We walked to the bay and toured the USS Midway, a real aircraft carrier. Throughout the week we walked throughout the historic Gaslamp Quarter and enjoyed wonderful meals and people-watching. We walked to the Air & Space Museum to see one of a handful of SR-71 Blackbirds on display in the U.S. and one of only two Apollo space capsules west of the Rocky Mountains.

We walked to the San Diego Zoo and took the bus back. The walk allowed us to enjoy beautiful Balboa Park, to soak in the amazing gardens and architecture. We had our pick of 15 unique museums and a handful of wonderful restaurants. Our lunch at Prado was one of the best we had during the entire week in San Diego.

The zoo is a gardener’s nirvana. It is divided into many different habitats for the respective animals, and the plants are authentic to those habitats. Unique flowers and bushes and trees abound. There was flora of every size and color to examine and touch that previously was only available as a picture in a book or online site. I enjoyed walking through forest recreations and discovering jaw-dropping plants more than seeing the animals.

Riding the tram over the zoo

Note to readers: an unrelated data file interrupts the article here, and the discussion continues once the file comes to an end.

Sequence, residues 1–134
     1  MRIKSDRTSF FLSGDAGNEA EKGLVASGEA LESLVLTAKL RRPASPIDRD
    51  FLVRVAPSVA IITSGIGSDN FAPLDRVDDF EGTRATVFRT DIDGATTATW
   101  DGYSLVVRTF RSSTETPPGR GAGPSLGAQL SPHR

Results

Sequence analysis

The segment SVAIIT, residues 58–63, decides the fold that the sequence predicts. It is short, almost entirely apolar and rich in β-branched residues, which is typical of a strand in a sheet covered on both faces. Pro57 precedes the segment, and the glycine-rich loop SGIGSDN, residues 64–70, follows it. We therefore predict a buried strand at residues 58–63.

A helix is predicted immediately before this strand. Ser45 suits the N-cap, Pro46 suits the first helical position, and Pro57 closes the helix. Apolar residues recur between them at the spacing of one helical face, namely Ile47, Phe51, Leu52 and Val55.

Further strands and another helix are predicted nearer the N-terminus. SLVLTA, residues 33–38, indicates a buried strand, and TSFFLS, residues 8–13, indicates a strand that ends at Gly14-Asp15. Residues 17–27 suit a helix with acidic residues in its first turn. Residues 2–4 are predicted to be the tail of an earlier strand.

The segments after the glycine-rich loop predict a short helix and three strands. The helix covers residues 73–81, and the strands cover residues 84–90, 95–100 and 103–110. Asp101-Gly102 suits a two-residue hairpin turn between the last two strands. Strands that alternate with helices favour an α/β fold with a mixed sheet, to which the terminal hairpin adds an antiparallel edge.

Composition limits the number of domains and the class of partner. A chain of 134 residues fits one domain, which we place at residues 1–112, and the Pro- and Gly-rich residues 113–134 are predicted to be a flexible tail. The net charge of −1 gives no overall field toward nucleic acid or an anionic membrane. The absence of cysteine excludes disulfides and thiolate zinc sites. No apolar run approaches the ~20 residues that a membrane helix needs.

The city of San Diego encourages beauty and every street in the downtown area exploded with plantings on the sidewalks, on building balconies, and in store and restaurant windows. The city’s concrete, steel, and glass often disappeared momentarily because of an expanse of Bougainvillea or a lemon tree on a street corner.

A lemon tree on the sidewalk

We had begun developing our concept of a green vacation the year before with a trip to Seattle, Washington and Victoria, British Columbia. We walked extensively throughout each city, experiencing shops, museums, and eateries. We used a rental car, but with specific destinations in mind: to visit Butchart Gardens, a stunning experience and one of the premier garden destinations in the world; to drive through a rainforest on the way to the west coast of Vancouver Island; and to explore the lavender fields of northwestern Washington. All were amazing journeys, especially for someone who loves plants.

Exploring Butchart Gardens